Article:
The time for talking is over. At least it is on Barcelona’s public transport, where commuters are being urged to remain silent on all networks to stop the spread of coronavirus. The Spanish city was a pioneer in introducing 'silence transport', and now the region of La Rioja and the Balearic Islands have also adopted this measure. The idea follows recommendations from health experts.
María Cruz Minguillón, a researcher at the Spanish National Research Council (CSIC), explained to local media "people shouting or talking on the phone can emit up to fifty times more particles”.
European scientific studies show that public transport is not a particular risk zone, however the measure could improve the health situation, Isidre Gavin i Valls, the Secretary of Infrastructure and Mobility of the Catalan Government, tells Euronews.
“Many people were afraid because it’s difficult to keep the security distance on public transport, but with measures such as banning eating or drinking, and to remain silent, we reduce the risks,” she says. It is only a recommendation and non-compliance will not lead to any sanctions, authorities confirmed.
On the Catalan Railway, green signs inside and outside train carriages carry a clear message: "Silence" or “silent trains”.
This new initiative reaffirmed previous recommendations such as not talking on the phone, eating or drinking during journeys.
Transports Metropolitans de Barcelona (TMB), the company in charge of the metro and buses in the Catalan capital, has created the campaign “Avoid talking”. They urge travellers to remain silent via messages on the public address system on the metro, and messages on the bus screens, as well as posters.
The 'silent trains' initiative has advantages, such as allowing passengers to enjoy a quieter journey without distractions or noise. Some look at their mobile phones, others read or study. The ones that do talk do it in whispers. Others look disapprovingly at those who talk too loud or talk on the phone.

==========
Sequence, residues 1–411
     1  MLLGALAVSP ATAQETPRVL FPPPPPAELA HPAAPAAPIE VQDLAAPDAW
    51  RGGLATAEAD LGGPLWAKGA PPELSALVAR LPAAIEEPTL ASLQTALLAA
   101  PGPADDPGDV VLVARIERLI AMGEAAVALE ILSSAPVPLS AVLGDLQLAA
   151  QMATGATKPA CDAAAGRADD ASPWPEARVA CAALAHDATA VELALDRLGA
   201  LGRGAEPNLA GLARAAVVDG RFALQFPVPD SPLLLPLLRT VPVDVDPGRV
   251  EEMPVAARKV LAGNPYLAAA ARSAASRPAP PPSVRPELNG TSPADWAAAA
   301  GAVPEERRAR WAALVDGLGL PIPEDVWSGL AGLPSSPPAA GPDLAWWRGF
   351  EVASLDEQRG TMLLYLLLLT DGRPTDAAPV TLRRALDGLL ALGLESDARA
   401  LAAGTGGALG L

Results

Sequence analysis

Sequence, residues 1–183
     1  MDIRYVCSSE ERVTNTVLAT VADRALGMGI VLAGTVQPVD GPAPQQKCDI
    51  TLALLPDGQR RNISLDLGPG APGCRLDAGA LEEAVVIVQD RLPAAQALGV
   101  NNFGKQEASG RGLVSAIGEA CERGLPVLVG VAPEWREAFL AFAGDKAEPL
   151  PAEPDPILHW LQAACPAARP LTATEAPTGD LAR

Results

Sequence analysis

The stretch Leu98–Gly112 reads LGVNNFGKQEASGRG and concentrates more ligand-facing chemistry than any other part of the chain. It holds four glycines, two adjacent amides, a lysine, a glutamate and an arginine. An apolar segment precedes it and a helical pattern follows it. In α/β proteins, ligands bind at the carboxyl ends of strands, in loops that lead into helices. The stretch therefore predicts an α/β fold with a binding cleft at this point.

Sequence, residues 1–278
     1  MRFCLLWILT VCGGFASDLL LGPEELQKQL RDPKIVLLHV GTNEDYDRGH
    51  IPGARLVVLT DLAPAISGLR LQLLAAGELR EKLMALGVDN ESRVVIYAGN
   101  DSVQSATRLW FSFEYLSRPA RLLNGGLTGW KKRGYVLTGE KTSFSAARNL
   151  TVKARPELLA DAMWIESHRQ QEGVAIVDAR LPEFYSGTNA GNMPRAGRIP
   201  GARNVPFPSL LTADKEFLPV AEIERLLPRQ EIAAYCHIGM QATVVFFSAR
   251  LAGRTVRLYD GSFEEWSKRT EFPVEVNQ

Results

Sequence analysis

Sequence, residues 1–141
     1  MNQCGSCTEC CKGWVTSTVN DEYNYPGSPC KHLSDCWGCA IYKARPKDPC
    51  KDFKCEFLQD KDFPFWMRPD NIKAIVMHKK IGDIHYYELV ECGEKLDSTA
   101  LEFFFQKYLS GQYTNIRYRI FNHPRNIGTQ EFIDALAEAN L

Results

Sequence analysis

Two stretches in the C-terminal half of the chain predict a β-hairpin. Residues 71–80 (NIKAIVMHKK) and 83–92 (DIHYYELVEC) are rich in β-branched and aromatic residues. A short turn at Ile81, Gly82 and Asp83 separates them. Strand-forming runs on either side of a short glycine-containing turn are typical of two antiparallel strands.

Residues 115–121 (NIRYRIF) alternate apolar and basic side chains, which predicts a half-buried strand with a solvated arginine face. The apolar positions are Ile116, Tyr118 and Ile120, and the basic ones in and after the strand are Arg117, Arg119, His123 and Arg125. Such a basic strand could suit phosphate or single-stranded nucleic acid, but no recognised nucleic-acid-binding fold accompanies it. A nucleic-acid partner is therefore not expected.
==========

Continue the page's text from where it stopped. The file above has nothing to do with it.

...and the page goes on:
The Catalan Railway appealed for civic-mindedness and citizen cooperation to detect inappropriate behaviour. For some users the recommendation highlights the need to increase the frequency between trains, especially at peak times.
“Would it not be more effective to have more frequency in trains rather than asking us to be quiet?” asks Ruben, who works in a nursing home and is well aware of the havoc caused by the pandemic. “There is no public money for that so we have to take the responsibility”.
“This is a stupid initiative. No one really follows this recommendation. I really think we are on the wrong path in terms of freedom and rights of the people”, says Javier García.
Most accepting the silence
Isidre Gavin tells Euronews that passengers in general have accepted the recommendation quite well. “People try to protect themselves, they have accepted it as a natural way of prevention”.
Julia Gómez, aged 80, feels more protected with the silence measure: “Anything that helps us to prevent this virus it’s good. People usually respect this norm.”
Robert, 64, believes it’s a reasonable measure: “If you don’t talk you reduce the possibilities of contagion”.
Leticia, 30, also believes it’s a good initiative. “Especially because many people put down their mask to talk on the phone or with each other. It really bothers me when people do that”.
Authorities admit that there is still no data showing the real impact of this measure.